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>> Energy is a function of the motility of information.
>> Certain organizations are like containers of liquids and cubes made of
>> ice. Nation-states might fit this bill as might language groups or what
>> I call ontologies--e.g. religious views.
>> Because I am interested in actor-network-theory, I also postulate that
>> organizations with rigid physical structures as actants (e.g. buildings,
>> HQs, specific types of systems, accounts, etc.) are also more ice-like
>> and that information is less likely to flow far and with greater energy
>> in such organizations. As they melt, there is a sort of slush.
A word of caution. Organizations and societies are self-organizing
systems. They are living, cognitive organisms. It would be a mistake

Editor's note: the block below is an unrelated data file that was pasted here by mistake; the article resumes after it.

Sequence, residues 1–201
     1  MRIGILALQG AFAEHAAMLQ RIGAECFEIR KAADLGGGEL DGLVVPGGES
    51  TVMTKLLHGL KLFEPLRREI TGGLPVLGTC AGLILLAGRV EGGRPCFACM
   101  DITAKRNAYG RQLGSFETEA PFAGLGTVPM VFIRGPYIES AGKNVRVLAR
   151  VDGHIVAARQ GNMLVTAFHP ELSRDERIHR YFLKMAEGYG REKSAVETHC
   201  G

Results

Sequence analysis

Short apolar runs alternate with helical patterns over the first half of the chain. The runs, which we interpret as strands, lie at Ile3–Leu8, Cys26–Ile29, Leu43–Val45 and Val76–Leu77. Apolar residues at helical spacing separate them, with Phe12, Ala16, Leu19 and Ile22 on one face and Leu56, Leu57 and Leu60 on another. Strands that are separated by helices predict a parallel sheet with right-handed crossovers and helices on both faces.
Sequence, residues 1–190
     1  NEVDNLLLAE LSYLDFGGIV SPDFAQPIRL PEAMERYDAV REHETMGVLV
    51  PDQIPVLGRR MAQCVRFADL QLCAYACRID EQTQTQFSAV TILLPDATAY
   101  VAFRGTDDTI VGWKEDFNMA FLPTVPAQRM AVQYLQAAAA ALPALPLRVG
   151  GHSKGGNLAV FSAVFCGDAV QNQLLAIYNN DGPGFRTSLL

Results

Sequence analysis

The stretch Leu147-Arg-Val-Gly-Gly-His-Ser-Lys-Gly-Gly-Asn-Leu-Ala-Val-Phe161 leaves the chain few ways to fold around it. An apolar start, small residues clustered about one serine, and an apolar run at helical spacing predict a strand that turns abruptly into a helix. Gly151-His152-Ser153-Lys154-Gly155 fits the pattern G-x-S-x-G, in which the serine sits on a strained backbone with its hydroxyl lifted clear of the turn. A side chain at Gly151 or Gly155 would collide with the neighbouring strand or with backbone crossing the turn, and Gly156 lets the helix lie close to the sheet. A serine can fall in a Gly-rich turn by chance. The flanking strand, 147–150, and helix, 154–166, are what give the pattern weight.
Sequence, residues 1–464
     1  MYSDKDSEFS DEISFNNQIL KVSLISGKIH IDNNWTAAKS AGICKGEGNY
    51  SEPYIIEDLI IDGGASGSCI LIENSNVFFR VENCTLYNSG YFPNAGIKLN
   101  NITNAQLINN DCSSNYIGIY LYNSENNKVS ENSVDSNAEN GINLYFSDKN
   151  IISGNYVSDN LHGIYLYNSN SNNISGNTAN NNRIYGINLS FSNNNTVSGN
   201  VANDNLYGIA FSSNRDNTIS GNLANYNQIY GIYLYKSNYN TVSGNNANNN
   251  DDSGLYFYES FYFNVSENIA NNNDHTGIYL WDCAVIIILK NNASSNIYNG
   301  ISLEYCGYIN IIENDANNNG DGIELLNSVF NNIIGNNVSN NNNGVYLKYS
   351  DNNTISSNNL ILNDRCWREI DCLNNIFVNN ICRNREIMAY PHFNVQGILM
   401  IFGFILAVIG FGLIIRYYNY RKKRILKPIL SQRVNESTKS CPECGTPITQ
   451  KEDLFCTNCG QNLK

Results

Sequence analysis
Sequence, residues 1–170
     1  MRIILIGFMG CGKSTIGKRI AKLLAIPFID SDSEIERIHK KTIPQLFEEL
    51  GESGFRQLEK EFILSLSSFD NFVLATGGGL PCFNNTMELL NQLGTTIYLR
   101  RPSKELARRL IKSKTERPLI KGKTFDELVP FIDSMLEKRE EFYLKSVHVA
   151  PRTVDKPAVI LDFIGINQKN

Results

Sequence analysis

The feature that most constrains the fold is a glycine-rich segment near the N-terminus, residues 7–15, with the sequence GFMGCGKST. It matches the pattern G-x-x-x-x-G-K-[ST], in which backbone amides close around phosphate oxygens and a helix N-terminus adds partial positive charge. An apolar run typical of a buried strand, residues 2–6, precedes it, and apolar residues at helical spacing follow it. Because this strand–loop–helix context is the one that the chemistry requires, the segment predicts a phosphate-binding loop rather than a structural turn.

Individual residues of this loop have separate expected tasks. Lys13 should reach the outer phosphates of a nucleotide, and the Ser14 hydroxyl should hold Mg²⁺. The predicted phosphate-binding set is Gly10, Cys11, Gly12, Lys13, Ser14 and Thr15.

to treat them as containers and compare their reaction to increased or
decreased energy to that of plain substances. You have to agree that
water and a bacteria react to changes in the temperatures completely
differently. My point here is that organizations in terms of their
internal structure and reactions to changes in the environment are
closer to bacteria and cells than to water in a container. I think
making analogies between physical and social world at the level of
freezing-melting-evaporating would be an inappropriate simplification
as natural sciences already offer more complex ideas for studying
self-organizing systems. Works on dissipative structures and
autopoesis provide clues for thinking in that direction.
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